Captain Van Vliet said; "If the Government pushes this matter to the extent of making war upon you, I will withdraw from the Army; for I will not have a hand in shedding of the blood of American citizens."
Daniel Mark Burbank joined Major Warren Snow's Command of Cavalry and was appointed a Chaplain and Commissarian of the command.
Friday, October 23, 1857: We organized in the cavalry on Saturday 24th. Started and traveled through Emigration Canyon as far as Little Mountain, the night being very wet and cold, storming all night.
Sunday, October 25th: Crossed the mountains (Little and Big Mountain) and met with General Daniel H. Wells at the first crossing of Canyon Creek, thence four miles and met with the Prove Foot Company, building places of defense on the various points along the road. Here we organized into two division of ten, then numbering 44 men and 7 pack mules; no tents nor wagons. From thence to Colonel Little's station and here camped.
Monday, October 26th: From this place to Colonel L. Robinson's Station in Echo Canyon and stopped for the night.
Tuesday, October 27th: From thence to Bear River, encamped, met here a small party returning home with some deserters and prisoners, numbering in all five men from the enemy's camp.
Wednesday, October 28th: Nooned at Big Muddy, then stopped awhile at Fort Bridger then south two and a half miles on Black's Fork and encamped. Today Colonel L Robinson and 28 men started from Fort Bridger for Henry's Fork, and one small camp under Colonel Lot Smith.
Thursday, October 29th: Left for Fort Supply on Smith's Fork, encamped.
Friday, October 30th: Started late for Fort Bridger, then east down Black's Fork 26 miles, encamped.Saturday, October 31st: Down Black's Fork, 21 miles, encamped, at 3 o'clock tonight were aroused by Captain Willis and command, with 20 head of horses and mules, all well and in fine spirits. Just above here we met Lot Smith and John Atchison with 75 head of cattle going to Fort Bridger, all well.
Sunday, November 1st: Started for the enemy's camp, found four of their officers out four miles at a picket post. They left their post and tried to cut off some of our men from returning to the command but failed in doing so. Whtle cursing Brigham Young, they fired several times from a high bench at one of our company, the balls passing over him whistling through the air but doing him no harm. In a gulch on the bench, the enemy had one camp of infantry secreted in ambush but we saw them and turned north along the foot of the bench. Their guard left their post and ran to the camp to reinforce and come back. Their infantry fired at us by platoon with many muskets, then brought out one swivel and fired some grape shot but all was to no purpose. We laughed and hooted at them, then turned west about two miles and halted; some unsaddled and built a fire when word came from Major Snow to move on west to our former camping place, it being about eight miles; here we encamped. At 10 o'clock started two horsemen for Fort Bridger.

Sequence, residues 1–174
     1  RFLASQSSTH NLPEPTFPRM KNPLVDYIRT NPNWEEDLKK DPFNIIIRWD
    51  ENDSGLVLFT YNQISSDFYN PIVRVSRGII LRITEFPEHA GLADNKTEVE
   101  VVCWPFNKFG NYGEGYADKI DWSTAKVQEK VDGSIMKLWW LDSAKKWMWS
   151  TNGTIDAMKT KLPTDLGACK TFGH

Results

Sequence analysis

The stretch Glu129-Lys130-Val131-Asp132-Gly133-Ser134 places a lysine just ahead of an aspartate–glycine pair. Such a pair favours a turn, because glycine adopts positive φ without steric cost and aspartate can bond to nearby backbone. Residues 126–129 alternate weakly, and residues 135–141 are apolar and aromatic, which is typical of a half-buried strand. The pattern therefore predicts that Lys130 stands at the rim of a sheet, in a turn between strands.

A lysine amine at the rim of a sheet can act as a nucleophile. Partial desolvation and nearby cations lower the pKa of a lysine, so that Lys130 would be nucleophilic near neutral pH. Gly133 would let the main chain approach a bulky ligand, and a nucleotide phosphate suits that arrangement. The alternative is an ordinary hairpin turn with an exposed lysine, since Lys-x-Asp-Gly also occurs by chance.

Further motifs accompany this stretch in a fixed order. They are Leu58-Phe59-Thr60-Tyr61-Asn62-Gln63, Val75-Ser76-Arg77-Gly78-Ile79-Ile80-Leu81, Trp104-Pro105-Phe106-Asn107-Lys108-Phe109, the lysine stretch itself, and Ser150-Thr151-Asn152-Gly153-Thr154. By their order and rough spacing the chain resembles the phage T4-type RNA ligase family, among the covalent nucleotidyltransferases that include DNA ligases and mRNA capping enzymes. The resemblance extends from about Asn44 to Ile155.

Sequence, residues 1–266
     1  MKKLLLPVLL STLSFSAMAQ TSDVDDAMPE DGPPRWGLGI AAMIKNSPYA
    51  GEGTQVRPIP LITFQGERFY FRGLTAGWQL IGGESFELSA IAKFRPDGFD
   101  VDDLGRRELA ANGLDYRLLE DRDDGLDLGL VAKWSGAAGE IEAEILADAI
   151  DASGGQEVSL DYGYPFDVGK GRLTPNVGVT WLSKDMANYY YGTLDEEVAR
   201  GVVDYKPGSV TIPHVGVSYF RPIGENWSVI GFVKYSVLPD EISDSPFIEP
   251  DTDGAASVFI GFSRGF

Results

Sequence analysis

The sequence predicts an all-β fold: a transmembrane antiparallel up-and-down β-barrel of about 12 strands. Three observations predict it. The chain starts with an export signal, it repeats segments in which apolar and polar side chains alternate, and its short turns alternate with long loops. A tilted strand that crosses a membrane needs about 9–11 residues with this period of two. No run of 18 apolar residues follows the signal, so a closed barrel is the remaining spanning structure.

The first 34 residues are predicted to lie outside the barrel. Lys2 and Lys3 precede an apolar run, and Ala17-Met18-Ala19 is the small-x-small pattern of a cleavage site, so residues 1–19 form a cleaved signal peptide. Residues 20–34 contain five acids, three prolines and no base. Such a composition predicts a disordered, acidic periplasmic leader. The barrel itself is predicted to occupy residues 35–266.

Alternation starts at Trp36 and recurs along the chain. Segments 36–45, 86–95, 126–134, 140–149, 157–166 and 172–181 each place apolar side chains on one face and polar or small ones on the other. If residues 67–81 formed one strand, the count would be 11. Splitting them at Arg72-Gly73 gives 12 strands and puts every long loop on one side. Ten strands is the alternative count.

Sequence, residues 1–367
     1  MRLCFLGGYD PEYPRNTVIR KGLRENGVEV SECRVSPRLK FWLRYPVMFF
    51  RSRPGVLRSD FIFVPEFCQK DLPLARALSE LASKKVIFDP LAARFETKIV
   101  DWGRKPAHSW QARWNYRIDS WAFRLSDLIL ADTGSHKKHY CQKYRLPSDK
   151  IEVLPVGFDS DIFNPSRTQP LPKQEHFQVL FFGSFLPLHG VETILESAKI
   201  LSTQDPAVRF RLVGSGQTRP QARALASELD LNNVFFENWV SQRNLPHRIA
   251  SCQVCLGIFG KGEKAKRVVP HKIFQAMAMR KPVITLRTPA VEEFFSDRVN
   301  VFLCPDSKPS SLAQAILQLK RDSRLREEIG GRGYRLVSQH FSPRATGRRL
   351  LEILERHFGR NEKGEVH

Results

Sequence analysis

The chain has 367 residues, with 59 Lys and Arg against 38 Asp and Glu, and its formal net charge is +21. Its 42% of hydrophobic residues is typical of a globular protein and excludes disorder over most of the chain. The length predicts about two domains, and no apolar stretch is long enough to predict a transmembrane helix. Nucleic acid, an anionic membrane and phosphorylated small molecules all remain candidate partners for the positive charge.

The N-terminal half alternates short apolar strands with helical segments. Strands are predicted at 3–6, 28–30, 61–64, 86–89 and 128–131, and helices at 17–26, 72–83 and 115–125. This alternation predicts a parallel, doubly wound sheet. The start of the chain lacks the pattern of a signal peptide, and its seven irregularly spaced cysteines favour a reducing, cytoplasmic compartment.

Monday, November 2nd: Some small scouting parties were sent out today. Captain Isaac Allred brought in 45 head of cattle. Captain William Mikeswell came with in 65 head of cattle, he being out all night. This evening Ephriam K. Hanks joined our command with 35 men all mounted.
Thursday, November 5th: Snow and Hanks went out for a scout with 25 men. Each travelled all day and part of the night. Captain W. Hudson went out with 6 men to keep a picket post that we took from the enemy; four went to the enemy camp when Daniel M. Burbank and Thomas Whittle met the post moving. Very hard northwest wind, no fire and four miles out of camp.
Friday, November 6th: Hanks came in with 75 head of cattle, got 60 head more and sent some men with them and in the storm drove them around for some time. At about 3 o'clock PM., the picket guard came in reporting that the enemy were near by on the march for our camp. Orders were then given to saddle up and move on up Black's Fork. After traveling a short distance the snow began to fall very fast. We traveled some ten miles; halted, built a fire and ate a little in one of the worst kinds of snow storms. Started on again when one of our guards came up and said that the enemy was on our trail. This was a false alarm, yet off we went at full speed for about 8 miles, then halted. Sent forward the pack animals to Fort Bridger, then on to general camp on Black's Fork, distance four miles. In this excitement, those that kept the station at Fort Bridger burned the house and all the hay, some two tons and a quarter or so of beef.
Saturday, November 7th: Started west, crossed over the divide of Quaking Asp Canyon.
Sunday, November 8th: Move on two miles to a cedar grove near Big Muddy.
Monday, November 9th: In the night Burbank and Snow heard a gun fire on Big Muddy. Each of us took a pistol and went to see what was the matter. We found, rolled up in the snow, John Patten and Peacock almost freezing to death, got them to camp and saved their lives. Our command was divided; part to stay and watch the movements of the enemies and the rest to go on to Bear River. The snow being twelve inches deep on the ground, our animals almost perished; but, however, we reached the Bear River about 10 o'clock PM. Found the snow fourteen inches deep.
Tuesday, November 10th: It was still snowing. Extremely cold in camp. We stayed here until December 1st. During this time we nearly starved, having nothing to eat -- only some poor oxen left by the road that could not travel any further. We ate them without salt and we also ate part of a wolf. The cold was intense. No shelter of any kind; no coats on but one blanket to each man, yet none of us were much frozen.
Tuesday, December 1st: Started for Echo and through a most powerful storm got to General Wells Camp. The General gave us his log cabin for the night. This night we thought that we were in Paradise, cheered by our brethren with song and cheerful faces. Started in the morning for Echo Station and here we stayed again that night.
Wednesday, December 2nd: Left for Salt Lake City, travelled all night, came in at day break in the morning (December 3rd) 43 in number and only three of that number had any sign of a coat!